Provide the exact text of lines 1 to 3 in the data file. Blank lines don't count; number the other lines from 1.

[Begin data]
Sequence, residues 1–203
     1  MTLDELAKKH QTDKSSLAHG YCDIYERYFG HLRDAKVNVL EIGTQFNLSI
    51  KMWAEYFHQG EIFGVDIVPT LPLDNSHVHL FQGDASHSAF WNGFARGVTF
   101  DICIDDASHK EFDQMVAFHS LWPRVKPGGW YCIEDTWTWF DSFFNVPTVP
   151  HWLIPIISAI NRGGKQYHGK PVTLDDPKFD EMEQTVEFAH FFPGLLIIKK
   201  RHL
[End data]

Sequence, residues 1–203
     1  MTLDELAKKH QTDKSSLAHG YCDIYERYFG HLRDAKVNVL EIGTQFNLSI
    51  KMWAEYFHQG EIFGVDIVPT LPLDNSHVHL FQGDASHSAF WNGFARGVTF